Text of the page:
While biofilms occur naturally on many surfaces, including bodies of water and living tissues, they can become a concern when they invade a building water system, potentially damaging water quality and threatening public health. An example of harmful biofilm formations can be found in those that capture and harbor opportunistic pathogens, such as Legionella pneumophila, the bacteria responsible for causing Legionnaires’ disease.
The Centers for Disease Control (CDC) has recognized that opportunistic pathogens, or “bad bugs” like Legionella, are the primary cause of waterborne disease in the U.S. Legionella can multiply to dangerous levels under certain conditions and potentially cause Legionnaires’ disease, a serious lung infection caused by inhaling small droplets of contaminated water through aerosolized mist or vapor.
Improperly maintained water supply systems and other factors, including complex system designs, high water age and breaks and leaks, can lead to an environment that allows Legionella survival and growth within the water system. The new Plumbing Manufacturers International (PMI) document, “Just the Facts: Legionella and Water Supply Systems,” describes several key elements that can promote the growth of Legionella bacteria in a water supply system, including biofilm, a sticky substance created by bacteria that forms on the inside wall of water supply piping and protects Legionella from heat and disinfection.
“In my experience, biofilm will be present in all building plumbing systems. Anywhere there is water and a surface, biofilm can form,” said Frank Sidari, technical director at Special Pathogens Laboratory, a firm internationally recognized for clinical and environmental expertise in Legionnaires’ disease prevention with solutions for detecting, controlling and remediating Legionella and other waterborne pathogens. “Legionella and other microbes occur naturally in our water supplies. Certain conditions, many of which are still being clarified, tip the balance in favor of Legionella in some building water systems. Simple maintenance practices have not been successful in eliminating Legionella from these water systems”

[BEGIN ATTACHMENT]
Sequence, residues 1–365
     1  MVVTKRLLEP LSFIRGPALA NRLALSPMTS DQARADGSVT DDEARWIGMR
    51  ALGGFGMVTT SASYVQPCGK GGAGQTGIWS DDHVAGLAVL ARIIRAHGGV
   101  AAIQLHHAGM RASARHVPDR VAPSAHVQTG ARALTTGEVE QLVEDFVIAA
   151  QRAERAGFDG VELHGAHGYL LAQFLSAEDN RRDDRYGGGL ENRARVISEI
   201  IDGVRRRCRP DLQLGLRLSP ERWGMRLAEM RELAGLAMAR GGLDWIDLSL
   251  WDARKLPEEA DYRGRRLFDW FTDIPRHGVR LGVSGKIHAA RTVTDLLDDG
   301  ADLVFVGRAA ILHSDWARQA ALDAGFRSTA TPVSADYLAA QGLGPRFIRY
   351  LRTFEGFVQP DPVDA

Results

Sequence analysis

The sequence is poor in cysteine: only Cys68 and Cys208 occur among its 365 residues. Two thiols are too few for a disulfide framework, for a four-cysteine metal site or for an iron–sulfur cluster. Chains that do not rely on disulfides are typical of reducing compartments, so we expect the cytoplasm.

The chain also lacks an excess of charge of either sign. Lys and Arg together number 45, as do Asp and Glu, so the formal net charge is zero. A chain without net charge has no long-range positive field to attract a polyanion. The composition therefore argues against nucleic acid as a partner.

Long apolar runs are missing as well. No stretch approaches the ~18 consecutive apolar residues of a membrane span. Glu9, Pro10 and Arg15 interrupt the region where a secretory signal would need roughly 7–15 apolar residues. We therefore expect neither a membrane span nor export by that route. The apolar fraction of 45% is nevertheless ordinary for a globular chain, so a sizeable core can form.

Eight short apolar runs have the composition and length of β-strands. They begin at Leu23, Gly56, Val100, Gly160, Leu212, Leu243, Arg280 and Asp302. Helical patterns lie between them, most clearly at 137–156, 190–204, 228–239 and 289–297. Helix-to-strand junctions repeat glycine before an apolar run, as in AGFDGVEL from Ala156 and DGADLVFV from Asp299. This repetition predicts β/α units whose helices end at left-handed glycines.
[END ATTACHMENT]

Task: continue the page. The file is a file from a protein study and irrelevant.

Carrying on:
Since biofilms are an inherent part of a building’s water system and can potentially protect Legionella bacteria, proactive management of building water systems to minimize risk is important.
“The design and complexity of current building plumbing systems, the continued exposure to water containing nutrients and microorganisms, and the need to maintain disinfectant levels within drinking water standards provide the opportunity for Legionella to exist in potable water systems,” Sidari said. Studies have shown that Legionella can be found in up to 70 percent of complex building water systems including large buildings and hospitals compared to 10 percent to 40 percent of simpler plumbing systems in residential houses, he added.
Stages of Biofilm Formation
Biofilm forms anywhere non-sterile water comes in contact with a surface, providing an opportunity for Legionella and other opportunistic premise plumbing pathogens (OPPPs) to grow and avoid disinfection. Biofilm formation and growth involves three stages: attachment, growth and detachment. Free-floating (or planktonic) bacteria that come into contact with a surface may attach to the surface via cell surface appendages, referred to as adhesions. Following attachment, cells grow and divide, with new cells generally sticking to the biofilm and increasing its coverage and thickness.
It’s important to note that older water infrastructure can be more vulnerable to contamination through leaks and breaks, according to PMI’s Legionella document.